More than two decades have passed since Peggy Lee sang with Benny Goodman’s swing band and made her first hit recording. Yet so inexhaustible is her talent and so intense her application to her work that, almost a generation later, she stands at the peak of her career. A product of the big-band era, she derived from that apprenticeship her ability to sing anything from jazz to blues, to sing it with a beat, and with enough volume to be heard above the band. Few vocalists have had her staying power. Peggy Lee is also a successful composer, lyricist, arranger, actress, and businesswoman. To all her careers she brings a perfectionism that leaves the stamp of professionalism on everything she touches.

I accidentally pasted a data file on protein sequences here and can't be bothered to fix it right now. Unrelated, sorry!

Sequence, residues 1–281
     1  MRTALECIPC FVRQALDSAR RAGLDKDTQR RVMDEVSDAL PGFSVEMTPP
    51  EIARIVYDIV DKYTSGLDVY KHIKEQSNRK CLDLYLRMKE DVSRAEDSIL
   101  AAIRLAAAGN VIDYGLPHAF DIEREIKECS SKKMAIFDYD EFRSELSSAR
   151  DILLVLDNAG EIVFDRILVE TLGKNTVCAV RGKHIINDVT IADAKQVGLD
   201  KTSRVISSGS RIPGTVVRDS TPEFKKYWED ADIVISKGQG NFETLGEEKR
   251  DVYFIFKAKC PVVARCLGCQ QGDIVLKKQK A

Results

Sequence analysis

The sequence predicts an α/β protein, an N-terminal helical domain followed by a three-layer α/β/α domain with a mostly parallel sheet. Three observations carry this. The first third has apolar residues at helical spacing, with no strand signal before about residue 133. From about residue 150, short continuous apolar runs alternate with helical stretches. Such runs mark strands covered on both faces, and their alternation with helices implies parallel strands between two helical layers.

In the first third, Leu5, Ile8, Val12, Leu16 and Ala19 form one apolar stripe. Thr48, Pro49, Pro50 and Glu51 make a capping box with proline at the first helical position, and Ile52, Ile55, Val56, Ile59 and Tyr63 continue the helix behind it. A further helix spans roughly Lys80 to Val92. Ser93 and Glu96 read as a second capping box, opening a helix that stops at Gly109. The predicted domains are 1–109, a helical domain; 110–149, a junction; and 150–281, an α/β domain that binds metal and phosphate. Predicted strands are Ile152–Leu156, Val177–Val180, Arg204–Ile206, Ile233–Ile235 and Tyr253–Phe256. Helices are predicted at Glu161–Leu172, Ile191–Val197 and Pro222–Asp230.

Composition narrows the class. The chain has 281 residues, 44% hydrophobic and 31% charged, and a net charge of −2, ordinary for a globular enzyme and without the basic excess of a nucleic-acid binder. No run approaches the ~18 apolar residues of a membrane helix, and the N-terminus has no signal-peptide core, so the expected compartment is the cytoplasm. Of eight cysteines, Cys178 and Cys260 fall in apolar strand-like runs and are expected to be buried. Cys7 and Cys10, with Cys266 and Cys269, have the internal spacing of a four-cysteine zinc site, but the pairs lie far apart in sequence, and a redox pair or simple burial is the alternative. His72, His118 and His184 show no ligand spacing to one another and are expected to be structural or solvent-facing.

Of Norwegian and Swedish ancestry, Peggy Lee was born Norma Deloris Egstrom in Jamestown, North Dakota, a farm town on the Great Plains, on May 26, 1920. She was the seventh of eight children born to Marvin Egstrom, a station agent for the Midland Continental Railroad, and Mrs. Egstrom, who died when the child was four years old. Encouraged by the recognition she had received for her singing with the high school glee club, the church choir, and semi-professional college bands, Norma headed for Hollywood after she graduated from high school in 1938. With her she took $18 in cash and a railroad pass she had borrowed from her father. Although she got a brief singing engagement at the Jade Room, a supper club on Hollywood Boulevard, she made little impression on the film capital, and she was reduced to working as a waitress and as a carnival spieler at a Balboa midway.